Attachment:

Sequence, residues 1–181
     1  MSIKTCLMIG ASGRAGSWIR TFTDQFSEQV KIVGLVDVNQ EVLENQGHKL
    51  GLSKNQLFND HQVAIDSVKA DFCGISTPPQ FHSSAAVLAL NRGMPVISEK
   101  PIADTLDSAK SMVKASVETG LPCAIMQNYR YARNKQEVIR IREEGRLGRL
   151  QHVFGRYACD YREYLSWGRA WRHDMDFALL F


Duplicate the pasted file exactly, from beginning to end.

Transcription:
Sequence, residues 1–181
     1  MSIKTCLMIG ASGRAGSWIR TFTDQFSEQV KIVGLVDVNQ EVLENQGHKL
    51  GLSKNQLFND HQVAIDSVKA DFCGISTPPQ FHSSAAVLAL NRGMPVISEK
   101  PIADTLDSAK SMVKASVETG LPCAIMQNYR YARNKQEVIR IREEGRLGRL
   151  QHVFGRYACD YREYLSWGRA WRHDMDFALL F